• Length of credit history: The longer your credit history, the better. This factor accounts for 15% of your score.
  • Credit mix: Having a mix of different types of credit (such as credit cards, loans and a mortgage) can be beneficial and accounts for 10% of your score.
  • New credit: Opening several new credit accounts in a short period of time can lower your score, so it’s best to avoid doing so unless necessary. This factor accounts for 10% of your score.

Types of Credit Scores

There are several types of credit scores used by lenders and financial institutions to assess creditworthiness. Some of the most common types of credit scores include:

FICO Score: The FICO score is one of the most widely used credit scores in the US and is based on credit history data from the three major credit bureaus – Experian, Equifax, and TransUnion.

VantageScore: The VantageScore was developed by the three major credit bureaus as a competitor to the FICO score. It also uses credit history data from the three major credit bureaus but places more emphasis on payment history and credit utilization. Credit Karma is a popular site that provides scores using the VantageScore 3.0 model.

TransRisk Score: The TransRisk score is a credit score developed by TransUnion, one of the major credit bureaus. It is based on credit history data from TransUnion and places more emphasis on recent credit behavior.

Equifax Credit Score: The Equifax credit score is a credit score developed by Equifax, one of the major credit bureaus. It is based on credit history data from Equifax and places more emphasis on payment history.

Experian Credit Score: The Experian credit score is a credit score developed by Experian, one of the major credit bureaus. It is based on credit history data from Experian and places more emphasis on credit utilization.

Understanding the different types of credit scores and how they are calculated can help you make more informed decisions about your credit and improve your creditworthiness over time.

Tips to Help You Boost Your Credit Scores

Increasing your credit scores takes time and effort, but it’s worth it in the long run. Here are some tips to help improve your credit scores:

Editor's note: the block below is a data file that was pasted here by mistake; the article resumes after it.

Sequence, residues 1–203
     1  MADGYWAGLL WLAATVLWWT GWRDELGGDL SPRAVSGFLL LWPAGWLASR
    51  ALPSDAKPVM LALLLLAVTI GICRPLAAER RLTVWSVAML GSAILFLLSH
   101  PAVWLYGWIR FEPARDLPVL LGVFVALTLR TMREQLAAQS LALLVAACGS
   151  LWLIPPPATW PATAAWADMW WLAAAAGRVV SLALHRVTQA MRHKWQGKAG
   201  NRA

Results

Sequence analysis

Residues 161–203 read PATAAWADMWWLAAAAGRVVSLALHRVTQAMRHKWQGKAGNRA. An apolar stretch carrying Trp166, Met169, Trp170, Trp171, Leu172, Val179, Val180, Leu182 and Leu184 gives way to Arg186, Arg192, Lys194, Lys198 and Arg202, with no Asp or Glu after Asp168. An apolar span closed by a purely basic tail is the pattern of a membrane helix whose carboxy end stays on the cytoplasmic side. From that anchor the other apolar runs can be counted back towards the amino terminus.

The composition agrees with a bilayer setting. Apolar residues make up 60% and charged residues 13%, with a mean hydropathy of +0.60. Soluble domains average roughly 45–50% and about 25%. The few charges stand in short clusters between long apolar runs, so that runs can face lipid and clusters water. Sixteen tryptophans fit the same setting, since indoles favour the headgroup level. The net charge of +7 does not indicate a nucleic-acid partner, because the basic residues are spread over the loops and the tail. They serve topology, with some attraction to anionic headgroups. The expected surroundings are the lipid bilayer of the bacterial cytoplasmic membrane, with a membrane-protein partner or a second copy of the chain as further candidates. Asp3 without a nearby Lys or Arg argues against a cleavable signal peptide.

• Start paying your bills on time: Even if you’ve made late payments in the past, you can always create new habits when it comes to paying your bills. From now on, make every effort to submit your payments before or on the due date.
  • Keep credit card balances low: High credit card balances can negatively impact your credit scores, even if you make payments on time. Aim to keep your credit card balances below 30% of your credit limit. If keeping your balances low is challenging, find ways to boost your income. That way, you won’t have to rely on your credit cards to maintain your standard of living.
  • Don’t close unused credit cards: Closing unused credit cards can actually hurt your credit scores. Keeping these accounts open and using them responsibly can help improve your credit utilization ratio and demonstrate a longer credit history.
  • Monitor your credit reports: Check your credit reports regularly for errors or inaccuracies. If you find any errors, dispute them with the credit bureaus to have them corrected.
  • Be strategic about new credit applications: Applying for new credit can lead to hard inquiries on your credit report, which can temporarily lower your credit scores. Try to limit new credit applications and only apply for credit when necessary.

Remember, improving your credit score is a journey that requires patience, discipline and a commitment to responsible financial habits. With dedication and effort, you can take control of your credit and your financial future.